Moscow -- Residents of a Russian village near the site of a nuclear accident that killed seven people in Russia's far north last week were left confused on Tuesday by conflicting reports that they would be evacuated while work is carried out on the site. Several unidentified residents of Nynoksa, in Russia's Arkhangelsk region, told local news website 29.ru that they had been told they would have to leave the village for at least two hours, between 5 and 7 a.m. on Wednesday, and that a train would be provided for them.
The government of Severodvinsk, a city 25 miles away from Nynoksa, seemed to confirm the evacuation ordered to the state-run Interfax news agency.
"We have received a notification… about the planned activities of the military authorities. In this regard, residents of Nynoksa were asked to leave the territory of the village from August 14," officials were quoted by Interfax as saying.
However, the governor of the Arkhangelsk region, Igor Orlov, dismissed that report in a separate interview with Interfax as "complete nonsense," saying "no evacuation (is taking place)."
There was no consensus about a possible evacuation on social media channels frequented by both Nyonoksa and Severodvinsk residents. Concerned villagers post comments about "having heard" that they would need to leave, but not finding any official information about it.
Some of them said short-term evacuations were a regular occurrence in their communities, due to the work carried out at the military testing site near the village.
Finally, on Tuesday evening, Interfax quoted the local government of Severodvinsk as saying the military had canceled plans to conduct work on the testing grounds that would have necessitated the evacuation of Nyonoksa.
"We have information that the military canceled their activities tomorrow that required moving residents (out of the village)," an unidentified official at the Severodvinsk administration told the state-run news agency.
The nuclear accident
On Thursday last week an explosion at the testing ground near Nyonoksa left five scientists and two military personnel dead. Immediately after the blast, radiation levels in Severodvinsk spiked to up to 16 times the normal reading, according to the TASS state-run news agency.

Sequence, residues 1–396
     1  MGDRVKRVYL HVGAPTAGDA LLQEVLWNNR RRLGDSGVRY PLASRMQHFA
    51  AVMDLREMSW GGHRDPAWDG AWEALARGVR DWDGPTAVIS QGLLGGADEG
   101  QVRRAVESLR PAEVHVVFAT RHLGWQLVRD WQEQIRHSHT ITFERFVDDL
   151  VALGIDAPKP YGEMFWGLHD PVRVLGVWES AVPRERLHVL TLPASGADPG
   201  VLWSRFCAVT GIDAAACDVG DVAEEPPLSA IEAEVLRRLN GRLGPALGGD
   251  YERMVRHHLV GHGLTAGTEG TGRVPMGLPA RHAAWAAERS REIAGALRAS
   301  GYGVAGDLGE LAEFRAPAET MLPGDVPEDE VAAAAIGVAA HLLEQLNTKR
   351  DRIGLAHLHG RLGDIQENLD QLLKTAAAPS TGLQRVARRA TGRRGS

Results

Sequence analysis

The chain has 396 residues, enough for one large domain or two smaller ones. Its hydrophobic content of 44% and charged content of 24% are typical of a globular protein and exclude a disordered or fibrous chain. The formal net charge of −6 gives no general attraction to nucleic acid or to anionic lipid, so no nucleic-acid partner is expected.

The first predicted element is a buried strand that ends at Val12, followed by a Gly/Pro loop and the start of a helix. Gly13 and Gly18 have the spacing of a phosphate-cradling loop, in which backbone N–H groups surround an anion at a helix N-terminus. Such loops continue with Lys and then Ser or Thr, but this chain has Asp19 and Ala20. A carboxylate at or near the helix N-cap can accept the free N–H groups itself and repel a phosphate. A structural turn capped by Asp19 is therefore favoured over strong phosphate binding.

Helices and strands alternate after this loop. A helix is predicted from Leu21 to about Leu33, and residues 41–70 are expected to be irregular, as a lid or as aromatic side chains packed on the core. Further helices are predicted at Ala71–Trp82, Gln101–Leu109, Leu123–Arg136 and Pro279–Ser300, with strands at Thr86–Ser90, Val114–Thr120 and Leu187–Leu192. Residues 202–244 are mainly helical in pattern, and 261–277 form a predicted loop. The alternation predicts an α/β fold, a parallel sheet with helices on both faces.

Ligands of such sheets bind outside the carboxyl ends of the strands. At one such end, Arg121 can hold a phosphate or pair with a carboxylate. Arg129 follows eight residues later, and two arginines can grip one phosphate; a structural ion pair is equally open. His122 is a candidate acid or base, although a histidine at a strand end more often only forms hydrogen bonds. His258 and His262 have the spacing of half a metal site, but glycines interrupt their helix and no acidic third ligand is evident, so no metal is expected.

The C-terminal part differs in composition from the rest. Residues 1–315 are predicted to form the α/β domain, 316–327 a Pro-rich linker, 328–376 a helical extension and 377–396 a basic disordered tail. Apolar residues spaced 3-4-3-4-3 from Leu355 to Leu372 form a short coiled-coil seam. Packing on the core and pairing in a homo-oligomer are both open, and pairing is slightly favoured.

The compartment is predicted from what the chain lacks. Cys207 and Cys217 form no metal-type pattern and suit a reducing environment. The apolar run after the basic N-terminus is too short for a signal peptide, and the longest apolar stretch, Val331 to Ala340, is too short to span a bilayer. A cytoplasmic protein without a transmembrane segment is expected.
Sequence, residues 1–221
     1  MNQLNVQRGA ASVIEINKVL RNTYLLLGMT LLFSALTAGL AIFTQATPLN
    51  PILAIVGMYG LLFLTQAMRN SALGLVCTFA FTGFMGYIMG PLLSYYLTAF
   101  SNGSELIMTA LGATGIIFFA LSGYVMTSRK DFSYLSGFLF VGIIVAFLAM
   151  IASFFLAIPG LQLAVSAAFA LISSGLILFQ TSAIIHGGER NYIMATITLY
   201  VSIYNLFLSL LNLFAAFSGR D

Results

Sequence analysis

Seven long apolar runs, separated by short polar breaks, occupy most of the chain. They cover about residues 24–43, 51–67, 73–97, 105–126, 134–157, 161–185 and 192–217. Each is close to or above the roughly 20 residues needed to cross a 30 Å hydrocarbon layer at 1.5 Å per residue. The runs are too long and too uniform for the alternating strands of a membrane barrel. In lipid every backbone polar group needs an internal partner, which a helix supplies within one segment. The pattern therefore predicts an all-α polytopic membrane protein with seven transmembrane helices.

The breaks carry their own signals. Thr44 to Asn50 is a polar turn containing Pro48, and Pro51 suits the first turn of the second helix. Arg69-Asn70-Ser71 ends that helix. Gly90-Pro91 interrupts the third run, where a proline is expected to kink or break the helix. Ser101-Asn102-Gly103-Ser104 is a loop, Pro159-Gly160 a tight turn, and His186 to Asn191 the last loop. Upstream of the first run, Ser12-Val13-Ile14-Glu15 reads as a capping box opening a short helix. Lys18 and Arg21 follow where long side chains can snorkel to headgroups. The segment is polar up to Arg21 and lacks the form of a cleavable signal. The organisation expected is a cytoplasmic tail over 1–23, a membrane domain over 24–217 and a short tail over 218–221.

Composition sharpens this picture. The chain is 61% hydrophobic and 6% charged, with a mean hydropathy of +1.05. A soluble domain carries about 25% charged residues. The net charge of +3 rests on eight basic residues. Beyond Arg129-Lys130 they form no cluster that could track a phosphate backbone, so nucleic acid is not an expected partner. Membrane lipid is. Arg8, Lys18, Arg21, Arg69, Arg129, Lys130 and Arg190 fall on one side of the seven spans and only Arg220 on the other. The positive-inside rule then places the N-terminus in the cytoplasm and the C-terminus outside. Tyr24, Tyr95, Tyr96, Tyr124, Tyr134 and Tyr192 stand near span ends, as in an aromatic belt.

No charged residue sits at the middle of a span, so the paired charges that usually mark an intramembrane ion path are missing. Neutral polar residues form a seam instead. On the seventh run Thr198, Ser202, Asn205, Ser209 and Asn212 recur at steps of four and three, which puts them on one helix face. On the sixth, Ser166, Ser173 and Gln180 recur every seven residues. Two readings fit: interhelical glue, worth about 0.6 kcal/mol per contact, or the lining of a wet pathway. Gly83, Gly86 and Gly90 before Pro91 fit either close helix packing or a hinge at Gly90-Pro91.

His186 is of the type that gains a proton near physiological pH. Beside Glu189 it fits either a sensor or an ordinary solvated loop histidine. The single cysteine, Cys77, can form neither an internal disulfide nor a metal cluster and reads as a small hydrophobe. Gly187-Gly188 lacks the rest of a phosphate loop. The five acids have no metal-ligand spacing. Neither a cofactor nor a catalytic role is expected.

Doctors that tended to people injured in the accident were to undergo additional medical examination. Representatives of the Arkhangelsk regional government told TASS on Tuesday that the doctors had requested the additional screening themselves, and it was not compulsory.
Russia's Defense Ministry initially claimed it was just a failed rocket engine test, but later Rosatom, Russia's state nuclear energy corporation, admitted the test involved a "radioisotope source of energy" -- or, as the company's spokespeople put it in comments to the Fontanka newspaper, "a nuclear battery."
U.S. intelligence officials believe it "likely" was a failed test of the SSC-X-9 Skyfall, known in Russia as the 9M730 Burevestnik. President Vladimir Putin boasted in a 2018 speech about a new, experimental nuclear-powered cruise missile with virtually unlimited range and the ability to penetrate U.S. missile defense systems.
Who should be worried?
Many Russian and U.S. military analysts have long expressed doubts about whether Skyfall exists, or whether the core technology involved is even viable. The U.S. experimented with similar technology decades ago, but abandoned it as the highly unstable, nuclear-powered missile engines weren't deemed to be worth the associated risks.
"This accident reminds us how hard this is and how complicated it is, and just because President Putin made a speech talking about six new scary things, it doesn't mean that they're going to actually happen or happen any time soon," Lynn Rusten, at the Washington-based Nuclear Threat Initiative organization, told CBS News on Tuesday.
Rusten said the people who should be most concerned by the explosion in northern Russia, "are the Russian citizens, who should be asking their government 'why are we doing this?'"
Commenting on the accident Tuesday, Kremlin spokesman Dmitry Peskov would neither confirm nor deny suggestions about a test of a Skyfall missile.
He said the organization that carried out the test "gave information about it and explained the cause of the accident that occurred during testing and, unfortunately for all of us, led to the tragic death of our colleagues. I have nothing to add to that."
Conflicting reports from Russian officials about the accident over the weekend prompted speculation that the blast might have been more damaging than they were letting on. Some commentators compared the release of information about the explosion to what happened in the immediate wake of the Chernobyl disaster, when it took the authorities several weeks to reveal the truth.
CBSNews.com's Tucker Reals in London and CBS News' Christina Ruffini in Washington D.C. contributed to this report.
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